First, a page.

Ancient Greek mythology told tales of two fearsome monsters working in tandem across the narrow channel separating mainland Italy from the island of Sicily. Scylla was a vengeful rock-dwelling monster on one side; Charybdis was a tempestuous whirlpool on the other.
These were poetic representations of real perils that ancient sailors faced in Strait of Messina. Now, new research from the College of Arts and Sciences at the University of Oregon unpacks the geology behind the lore, showing how seismically active faults on either side of the straight interact to create a narrow marine passage filled with geologic hazards.
The research, led by UO geologist Rebecca Dorsey and co-authored by Italian colleagues Sergio Longhitano and Domenico Chiarella, was published in the journal Basin Research.
The push-and-pull between these faults affects modern travelers, too. The Italian government recently approved a longstanding, controversial effort to build a bridge across the strait. The new study reveals the dynamics of seismically active faults that surround the ambitious project, which would be the longest suspension bridge in the world.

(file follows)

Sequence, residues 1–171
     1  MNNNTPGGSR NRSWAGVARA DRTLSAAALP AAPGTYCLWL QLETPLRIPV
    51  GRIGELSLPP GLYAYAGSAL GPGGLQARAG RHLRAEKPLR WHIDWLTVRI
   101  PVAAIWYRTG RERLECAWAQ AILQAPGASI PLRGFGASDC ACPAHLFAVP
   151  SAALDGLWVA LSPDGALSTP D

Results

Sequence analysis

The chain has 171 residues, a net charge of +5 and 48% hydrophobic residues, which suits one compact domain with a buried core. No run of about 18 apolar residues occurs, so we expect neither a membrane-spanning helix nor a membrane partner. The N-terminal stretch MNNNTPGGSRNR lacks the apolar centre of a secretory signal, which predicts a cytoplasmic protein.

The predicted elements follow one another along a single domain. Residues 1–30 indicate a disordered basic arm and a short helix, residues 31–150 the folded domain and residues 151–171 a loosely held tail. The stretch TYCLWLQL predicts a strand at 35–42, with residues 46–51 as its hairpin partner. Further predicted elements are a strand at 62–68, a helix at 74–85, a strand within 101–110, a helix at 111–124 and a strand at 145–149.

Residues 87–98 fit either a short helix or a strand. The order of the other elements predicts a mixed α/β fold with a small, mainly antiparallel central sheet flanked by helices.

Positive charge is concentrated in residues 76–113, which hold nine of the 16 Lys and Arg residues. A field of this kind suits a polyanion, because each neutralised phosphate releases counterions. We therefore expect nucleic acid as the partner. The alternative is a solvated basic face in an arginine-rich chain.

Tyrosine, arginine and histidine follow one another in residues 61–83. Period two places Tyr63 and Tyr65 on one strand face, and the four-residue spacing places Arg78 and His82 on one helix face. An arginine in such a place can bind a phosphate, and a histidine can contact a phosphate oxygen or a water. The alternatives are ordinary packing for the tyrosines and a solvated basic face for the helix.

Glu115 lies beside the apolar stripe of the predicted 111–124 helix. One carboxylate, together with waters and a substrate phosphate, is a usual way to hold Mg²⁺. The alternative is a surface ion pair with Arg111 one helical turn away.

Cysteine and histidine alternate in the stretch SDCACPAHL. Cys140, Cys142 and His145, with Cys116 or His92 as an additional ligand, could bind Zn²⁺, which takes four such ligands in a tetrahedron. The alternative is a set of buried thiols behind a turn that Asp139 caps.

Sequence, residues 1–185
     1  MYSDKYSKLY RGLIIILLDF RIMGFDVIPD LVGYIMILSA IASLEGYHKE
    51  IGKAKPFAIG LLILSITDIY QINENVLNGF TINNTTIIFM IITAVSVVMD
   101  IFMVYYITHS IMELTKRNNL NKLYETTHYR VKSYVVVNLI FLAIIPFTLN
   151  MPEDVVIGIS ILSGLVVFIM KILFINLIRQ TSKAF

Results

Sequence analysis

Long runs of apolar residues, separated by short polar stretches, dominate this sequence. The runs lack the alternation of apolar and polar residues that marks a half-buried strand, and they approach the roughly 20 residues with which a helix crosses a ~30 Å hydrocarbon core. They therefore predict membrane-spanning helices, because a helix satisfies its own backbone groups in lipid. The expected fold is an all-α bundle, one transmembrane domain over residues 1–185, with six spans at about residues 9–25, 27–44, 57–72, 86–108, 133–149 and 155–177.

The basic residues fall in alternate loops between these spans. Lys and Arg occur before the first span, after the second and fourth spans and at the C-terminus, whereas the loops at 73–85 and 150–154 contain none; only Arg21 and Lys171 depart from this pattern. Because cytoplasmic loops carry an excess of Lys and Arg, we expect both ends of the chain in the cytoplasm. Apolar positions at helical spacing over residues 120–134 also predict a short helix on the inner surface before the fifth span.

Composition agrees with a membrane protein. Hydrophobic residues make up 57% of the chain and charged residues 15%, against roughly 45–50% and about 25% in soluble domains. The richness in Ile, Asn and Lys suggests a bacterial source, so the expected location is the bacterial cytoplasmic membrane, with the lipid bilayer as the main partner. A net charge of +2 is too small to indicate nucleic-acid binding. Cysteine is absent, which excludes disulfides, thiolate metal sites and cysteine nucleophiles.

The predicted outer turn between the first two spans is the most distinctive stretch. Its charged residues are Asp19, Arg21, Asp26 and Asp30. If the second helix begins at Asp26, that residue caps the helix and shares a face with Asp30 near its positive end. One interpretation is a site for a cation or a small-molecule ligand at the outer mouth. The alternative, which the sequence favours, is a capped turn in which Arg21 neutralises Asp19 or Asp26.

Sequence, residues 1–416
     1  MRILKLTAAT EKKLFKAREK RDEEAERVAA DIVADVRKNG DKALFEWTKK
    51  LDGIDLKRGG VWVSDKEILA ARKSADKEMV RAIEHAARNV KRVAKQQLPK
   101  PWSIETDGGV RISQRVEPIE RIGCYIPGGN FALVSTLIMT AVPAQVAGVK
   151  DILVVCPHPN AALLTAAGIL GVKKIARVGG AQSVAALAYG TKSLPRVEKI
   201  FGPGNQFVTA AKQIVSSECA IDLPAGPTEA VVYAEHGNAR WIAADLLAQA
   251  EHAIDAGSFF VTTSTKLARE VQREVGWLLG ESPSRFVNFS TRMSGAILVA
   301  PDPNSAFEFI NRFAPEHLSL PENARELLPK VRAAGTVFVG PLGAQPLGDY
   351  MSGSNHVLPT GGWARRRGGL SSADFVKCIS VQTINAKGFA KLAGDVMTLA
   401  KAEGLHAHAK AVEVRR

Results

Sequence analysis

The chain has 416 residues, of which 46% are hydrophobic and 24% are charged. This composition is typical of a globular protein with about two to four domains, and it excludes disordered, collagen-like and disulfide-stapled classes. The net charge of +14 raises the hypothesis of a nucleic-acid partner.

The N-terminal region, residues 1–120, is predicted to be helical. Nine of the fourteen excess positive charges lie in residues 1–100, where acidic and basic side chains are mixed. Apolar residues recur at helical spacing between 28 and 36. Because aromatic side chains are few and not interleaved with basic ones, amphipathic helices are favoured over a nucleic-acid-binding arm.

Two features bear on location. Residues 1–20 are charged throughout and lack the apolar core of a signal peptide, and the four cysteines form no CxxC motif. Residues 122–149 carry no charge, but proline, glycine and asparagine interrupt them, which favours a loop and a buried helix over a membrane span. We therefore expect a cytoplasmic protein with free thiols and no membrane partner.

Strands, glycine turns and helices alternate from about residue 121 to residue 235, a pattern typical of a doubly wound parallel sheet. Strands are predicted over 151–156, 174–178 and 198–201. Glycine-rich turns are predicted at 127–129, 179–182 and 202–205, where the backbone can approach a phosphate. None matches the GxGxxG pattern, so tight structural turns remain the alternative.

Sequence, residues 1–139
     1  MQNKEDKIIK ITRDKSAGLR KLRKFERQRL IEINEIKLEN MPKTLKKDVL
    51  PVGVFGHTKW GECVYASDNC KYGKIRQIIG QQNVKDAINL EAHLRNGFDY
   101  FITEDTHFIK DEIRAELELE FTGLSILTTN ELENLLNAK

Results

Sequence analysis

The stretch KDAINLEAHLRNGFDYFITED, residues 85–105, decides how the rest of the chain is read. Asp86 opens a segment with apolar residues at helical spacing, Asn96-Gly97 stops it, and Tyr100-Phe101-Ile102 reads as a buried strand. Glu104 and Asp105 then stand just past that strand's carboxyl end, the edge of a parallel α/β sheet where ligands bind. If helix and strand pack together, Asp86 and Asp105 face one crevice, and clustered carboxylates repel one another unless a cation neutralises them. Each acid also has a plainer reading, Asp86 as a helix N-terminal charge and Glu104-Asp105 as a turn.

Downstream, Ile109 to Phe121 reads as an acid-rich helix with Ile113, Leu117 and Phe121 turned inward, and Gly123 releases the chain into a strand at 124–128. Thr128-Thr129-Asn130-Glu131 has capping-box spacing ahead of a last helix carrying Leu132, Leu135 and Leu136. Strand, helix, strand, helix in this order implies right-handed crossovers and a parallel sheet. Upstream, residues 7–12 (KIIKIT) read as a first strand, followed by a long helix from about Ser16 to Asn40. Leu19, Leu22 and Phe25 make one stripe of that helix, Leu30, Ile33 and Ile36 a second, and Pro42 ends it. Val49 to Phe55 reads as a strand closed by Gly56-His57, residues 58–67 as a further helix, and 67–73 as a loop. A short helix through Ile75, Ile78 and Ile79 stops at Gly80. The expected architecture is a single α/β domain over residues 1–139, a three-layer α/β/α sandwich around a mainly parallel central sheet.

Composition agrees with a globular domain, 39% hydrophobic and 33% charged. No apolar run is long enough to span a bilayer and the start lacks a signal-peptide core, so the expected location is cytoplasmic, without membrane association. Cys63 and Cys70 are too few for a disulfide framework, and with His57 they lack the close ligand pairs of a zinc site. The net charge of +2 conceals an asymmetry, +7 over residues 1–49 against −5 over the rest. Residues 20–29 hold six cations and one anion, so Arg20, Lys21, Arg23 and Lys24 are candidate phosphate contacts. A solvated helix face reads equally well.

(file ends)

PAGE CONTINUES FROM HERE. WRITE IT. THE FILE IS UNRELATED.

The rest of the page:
The Strait of Messina runs between mainland Italy and the island of Sicily, which sits just off the toe of the boot-shaped mainland of Italy. There are many active faults in the area. Most of them have been well-mapped individually, but they hadn’t been looked at holistically.
“Previous researchers have noted that there are two sets of faults that dip towards each other, but the implications for fault mechanics, transfer of strain, and regional tectonic processes hadn't been put together,” Dorsey said.
Dorsey and her colleagues integrated existing maps of faults around the area, overlaying them digitally. By looking at the positions, morphology and cross-sectional views of individual faults, the team could piece together a story about how the strait probably formed over time.
On both sides of this narrow strait, mountains are moving up while the seabed is sinking down between the faults, forming a dynamic shallow channel. And in the middle, at the narrowest point of the channel, there’s a pivot point.
In this area, “the displacement strain is transferred, or ‘handed off,’ from one set of faults to another,” Dorsey said, like switching a train from one track to another in a train yard.
Understanding the interactions between faults on opposite sides of the strait is important for considering what might happen to a bridge in the event of an earthquake.
The Strait of Messina bridge project has been in the works in some capacity for decades and has hit a variety of snags, from political and environmental opposition to funding issues. The project was recently revived after a hiatus. But the engineering plans and risk assessments are still ongoing.
“Active fault interactions and strain transfer need to be included in seismic risk analysis,” Dorsey said. “This is a shifting, dynamic landscape, and the stakes are high.”
—By Laurel Hamers, University Communications